Specialist Medical Representative
Oncology Sales Representative
When I hear a success story from a clinician that my product has changed a patient's life for the better I feel proud. Matt
So, what do you do?
I am currently involved in the launch of an exciting new Cancer drug that we launched just over 4 months ago, as well as continuing to promote two more established Oncology drugs. This involves working with the key accounts in my territory to promote the three brands. I have meetings with hospital clinicians, cancer networks and NHS PCT commissioners. My main focus at this early stage with the launch of a new product is to inform the clinicians of the clinical benefits as well as discussing the benefits and cost impact to cancer networks and NHS commissioners. As well as creating clinical demand for our drugs I need to ensure that funding is available when the right patients are identified so they have access to the drugs.
What does your typical day involve?
I am field based and my day usually starts with planning for the calls ahead ensuring I am on the customer agenda, as well as business planning and general emails and admin. I spend a big part of my day on territory completing the appointments I have with the various customers as well as trying to access additional customers who are critical to achieving my account goals. At the end of the day I spend more time reviewing my interactions from the day, following up on information requests from customers,and completing reports/paperwork. I also have to spend time continually updating my knowledge of the ever changing NHS through reviewing all information in the public domain relating to my accounts.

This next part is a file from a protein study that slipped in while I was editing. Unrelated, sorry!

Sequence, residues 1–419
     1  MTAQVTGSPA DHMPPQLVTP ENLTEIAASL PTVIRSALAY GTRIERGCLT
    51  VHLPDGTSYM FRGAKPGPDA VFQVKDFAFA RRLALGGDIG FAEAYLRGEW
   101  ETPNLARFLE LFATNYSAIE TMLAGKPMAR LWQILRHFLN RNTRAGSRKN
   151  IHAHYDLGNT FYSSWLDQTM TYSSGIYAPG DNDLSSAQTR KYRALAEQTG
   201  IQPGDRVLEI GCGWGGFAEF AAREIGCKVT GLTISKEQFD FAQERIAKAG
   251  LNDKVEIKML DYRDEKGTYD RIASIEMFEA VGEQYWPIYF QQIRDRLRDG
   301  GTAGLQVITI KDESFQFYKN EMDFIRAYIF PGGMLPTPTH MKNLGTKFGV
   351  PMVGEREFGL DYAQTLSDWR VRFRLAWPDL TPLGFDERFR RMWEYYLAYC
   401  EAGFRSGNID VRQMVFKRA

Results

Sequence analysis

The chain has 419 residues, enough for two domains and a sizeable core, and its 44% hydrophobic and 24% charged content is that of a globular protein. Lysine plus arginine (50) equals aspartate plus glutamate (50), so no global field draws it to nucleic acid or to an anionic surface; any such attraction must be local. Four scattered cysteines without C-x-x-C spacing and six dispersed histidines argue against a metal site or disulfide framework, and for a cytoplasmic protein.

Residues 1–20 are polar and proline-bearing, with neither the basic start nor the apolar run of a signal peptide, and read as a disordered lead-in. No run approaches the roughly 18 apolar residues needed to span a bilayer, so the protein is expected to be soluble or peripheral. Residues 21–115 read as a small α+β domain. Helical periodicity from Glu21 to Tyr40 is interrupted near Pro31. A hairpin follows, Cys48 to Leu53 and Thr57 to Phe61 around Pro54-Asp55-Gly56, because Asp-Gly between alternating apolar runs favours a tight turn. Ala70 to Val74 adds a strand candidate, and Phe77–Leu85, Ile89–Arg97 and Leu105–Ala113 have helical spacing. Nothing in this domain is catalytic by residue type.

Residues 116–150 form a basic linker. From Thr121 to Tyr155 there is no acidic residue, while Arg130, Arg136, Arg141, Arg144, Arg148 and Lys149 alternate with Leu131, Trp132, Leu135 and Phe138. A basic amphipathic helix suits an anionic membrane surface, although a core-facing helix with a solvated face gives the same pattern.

Do you work mostly on your own or as part of team?
Both! I work alone the majority of the time as I am the only person on my geographical territory responsible for my products. I am however part of a regional team and have 6 other oncology account manager team mates that I regularly speak to on the phone or email and there is a great team culture. My Manager spends time with me on field visits, as part of my continued development and also reviewing my business with account reviews. I also have regular contact with the cross functional team at head office which includes marketing, medical and finance. They support me in the field where necessary for the business.
How long have you been in your current role?
What qualifications and experience do you have?
I am slightly unusual in that my qualifications are not related to the pharmaceutical industry as I have an HND in Civil Engineering. I have worked in various sales roles since University and joined the pharmaceutical industry from the Fast Moving Consumer Goods (FMCG) industry.
When and why did you decide on a career in the pharmaceutical industry?